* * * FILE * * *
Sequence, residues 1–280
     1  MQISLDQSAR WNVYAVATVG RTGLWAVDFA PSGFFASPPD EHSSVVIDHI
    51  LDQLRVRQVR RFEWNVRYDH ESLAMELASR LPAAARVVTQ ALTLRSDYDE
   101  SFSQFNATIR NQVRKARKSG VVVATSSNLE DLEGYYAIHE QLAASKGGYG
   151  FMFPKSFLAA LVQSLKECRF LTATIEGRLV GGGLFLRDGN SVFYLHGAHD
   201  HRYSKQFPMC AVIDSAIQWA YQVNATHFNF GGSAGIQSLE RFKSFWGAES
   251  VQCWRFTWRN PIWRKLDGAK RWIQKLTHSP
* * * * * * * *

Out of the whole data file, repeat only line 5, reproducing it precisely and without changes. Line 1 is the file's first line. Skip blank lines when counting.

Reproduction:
   151  FMFPKSFLAA LVQSLKECRF LTATIEGRLV GGGLFLRDGN SVFYLHGAHD